President Lee Saunders
gave the following acceptance speech at AFSCME’s 40th International
Convention upon being sworn in as the union’s first ever
July 9, 2012
Sisters and brothers,
I want to thank you for the tremendous honor you have bestowed upon me.
Together, we will be partners in moving this great union of ours
forward. Your faith in me means more than you will ever know.
I thank my wife Lynne and my sons Lee and Ryan for everything they’ve
done – and everything they’ve dealt with – over these long, long months.
I have to thank Gerald W. McEntee – a fearless and visionary leader. A
famous admiral once said: “There are no great men -- Just great
challenges which ordinary men are forced by circumstance to meet.” With
all due respect to the admiral, I must disagree. Gerald McEntee is a
To my AFSCME sisters and brothers who were part of this journey, your
belief that we were on the right road together lifted me up time and
time again and truly kept me going. We waged this campaign for the
future of our union and for the future of our members and working
families throughout this nation. This was not my campaign. This was our
And of course, I want to congratulate my partner, Laura Reyes, on
becoming the first female Secretary-Treasurer of AFSCME! Laura has
broken the green glass ceiling for all the sisters of our union!
I want to say something to Danny Donohue. During the course of this
campaign, we disagreed on a number of points, and at times, we disagreed
strongly. But you are my brother and I know that on one central point,
we are in full agreement: AFSCME is the greatest union in this nation,
with the greatest activists anywhere. We ran for office because we both
are deeply committed to the sisters and brothers of this union and I
look forward to working with Brother Donohue – and with all of you – to
move this union forward.
This was a campaign in which important issues were raised about the
future of our union. We elected new leadership following the 31-year
presidency of Brother McEntee. Such campaigns are never easy, and when
they are waged in the midst of severe budget pressures, assaults on
public services, and attacks on the character of public-service workers,
they are even more difficult and more vigorously fought.
Because the stakes are so high, competing ideas were put forward about
how to proceed. The campaigns painted very different versions of the
present, and offered very different visions of the future. But the
campaign is over. And today we start fresh. What unites us is our belief
in and love for AFSCME. We arefamily, and we always will be.
Sisters and brothers, it does not matter whose button or t-shirt you
wore. It does not matter whether you campaigned for Saunders and Reyes,
or Donohue and Goff. It does not matter whether your colors were yellow
and blue, or blue and green. As of right now, we are beginning again,
with the knowledge that what lies ahead of us is far, far more important
than the campaign we’ve just been through. We have an obligation to
fight for the future, not re-live the past.
I said earlier this week that this is a defining moment, not only for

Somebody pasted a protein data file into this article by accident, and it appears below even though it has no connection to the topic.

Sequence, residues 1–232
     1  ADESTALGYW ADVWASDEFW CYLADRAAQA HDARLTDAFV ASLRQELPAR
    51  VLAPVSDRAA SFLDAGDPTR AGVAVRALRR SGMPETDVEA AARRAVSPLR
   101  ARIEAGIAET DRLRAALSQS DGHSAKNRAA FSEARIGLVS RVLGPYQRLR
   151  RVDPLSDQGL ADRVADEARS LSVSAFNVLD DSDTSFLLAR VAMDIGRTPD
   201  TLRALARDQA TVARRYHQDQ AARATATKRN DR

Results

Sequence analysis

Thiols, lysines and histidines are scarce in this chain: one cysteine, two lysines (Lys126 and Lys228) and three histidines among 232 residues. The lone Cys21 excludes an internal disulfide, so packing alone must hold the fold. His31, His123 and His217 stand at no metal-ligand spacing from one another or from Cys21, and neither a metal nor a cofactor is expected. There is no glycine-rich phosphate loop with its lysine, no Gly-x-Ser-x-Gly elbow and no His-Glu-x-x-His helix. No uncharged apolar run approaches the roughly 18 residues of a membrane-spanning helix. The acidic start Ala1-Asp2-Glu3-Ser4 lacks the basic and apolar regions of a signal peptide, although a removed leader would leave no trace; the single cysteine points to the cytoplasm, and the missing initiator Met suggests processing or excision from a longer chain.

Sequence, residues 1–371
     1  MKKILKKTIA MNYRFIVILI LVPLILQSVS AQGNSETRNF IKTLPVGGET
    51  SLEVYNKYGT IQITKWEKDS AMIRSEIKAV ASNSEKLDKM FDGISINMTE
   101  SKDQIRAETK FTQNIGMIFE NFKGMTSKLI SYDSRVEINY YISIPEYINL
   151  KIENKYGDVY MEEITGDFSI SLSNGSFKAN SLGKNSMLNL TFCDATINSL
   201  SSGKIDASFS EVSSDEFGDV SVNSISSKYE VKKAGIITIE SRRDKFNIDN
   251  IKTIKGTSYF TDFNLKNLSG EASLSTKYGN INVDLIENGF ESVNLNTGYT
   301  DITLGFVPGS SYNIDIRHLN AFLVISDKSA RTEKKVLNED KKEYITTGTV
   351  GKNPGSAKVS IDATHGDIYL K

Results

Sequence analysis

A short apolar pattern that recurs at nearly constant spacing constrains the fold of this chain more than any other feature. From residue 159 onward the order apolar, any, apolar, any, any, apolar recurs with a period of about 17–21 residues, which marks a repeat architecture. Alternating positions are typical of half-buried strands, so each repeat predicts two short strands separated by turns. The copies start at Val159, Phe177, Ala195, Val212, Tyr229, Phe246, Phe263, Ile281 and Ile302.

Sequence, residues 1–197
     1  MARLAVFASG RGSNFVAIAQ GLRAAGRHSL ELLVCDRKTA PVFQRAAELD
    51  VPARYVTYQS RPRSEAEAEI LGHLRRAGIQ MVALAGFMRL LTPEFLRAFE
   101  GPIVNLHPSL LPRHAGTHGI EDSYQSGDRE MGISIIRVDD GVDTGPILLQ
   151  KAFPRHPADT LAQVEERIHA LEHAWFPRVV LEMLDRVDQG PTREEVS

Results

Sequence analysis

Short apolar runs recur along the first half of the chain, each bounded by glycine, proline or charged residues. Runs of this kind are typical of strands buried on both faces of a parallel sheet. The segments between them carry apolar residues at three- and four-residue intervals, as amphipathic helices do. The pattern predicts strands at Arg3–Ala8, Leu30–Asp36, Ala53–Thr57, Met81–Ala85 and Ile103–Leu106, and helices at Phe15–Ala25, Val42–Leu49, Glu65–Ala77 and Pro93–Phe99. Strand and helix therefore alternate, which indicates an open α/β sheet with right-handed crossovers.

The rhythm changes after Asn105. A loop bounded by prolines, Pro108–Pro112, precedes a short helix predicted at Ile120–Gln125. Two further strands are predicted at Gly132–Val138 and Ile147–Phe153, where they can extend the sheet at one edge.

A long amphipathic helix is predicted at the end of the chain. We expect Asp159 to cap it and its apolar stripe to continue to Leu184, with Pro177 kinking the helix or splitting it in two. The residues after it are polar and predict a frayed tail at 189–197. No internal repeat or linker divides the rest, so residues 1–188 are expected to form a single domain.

our nation but also for our union. What we do will determine whether
collective bargaining survives, whether members’ lives get
better…whether retirement security is restored…whether public services
are strengthened…and whether the American dream is renewed.
And so we must begin a serious, far-reaching national conversation with
our members about the direction and priorities of our great union,
including how we will ensure that our political strategy aligns with the
severity and nature of our challenges.
We must continue the focus on organizing, even in hostile, Right-to-Work
states, because we cannot win the fights of tomorrow unless we are
We must propose long-term solutions to strengthen pensions, emphasizing
that most of our members pay into their pensions, and that those
pensions contribute to local economies. To that end, I am appointing a
special task force of IEB members who will study this issue, consult
with experts, and put forward sound strategies.
We must work our hearts out to re-elect President Obama.
And we must holdHollllold politicians of all political stripes
accountable for what they say and what they do. Because when it comes to
what affects our members and our rights, it’s not about left versus
right; it’s about right versus wrong.
let me be perfectly clear about this: Our union does not work for any
political party; we work for justice and fairness in the workplace. If
someone takes us on, it does not matter whether they are a Democrat or a
Republican, conservative or liberal. We are taking themon. And they are
These are only a few of the tasks that are before us. The path ahead is
difficult, but I have no doubt that if we put aside what divides us,
focus on what unites us, and set our hearts on solidarity, we can
achieve what seems impossible.
Let us go forth in solidarity…with one mission…with one goal: to build
AFSCME into the strongest force it can possibly be for our members and
for our nation.
Once again, thank you, God bless you, and for the sake of AFSCME, this
union we all love – for the sake of each and every one of our members –
let us all move forward together.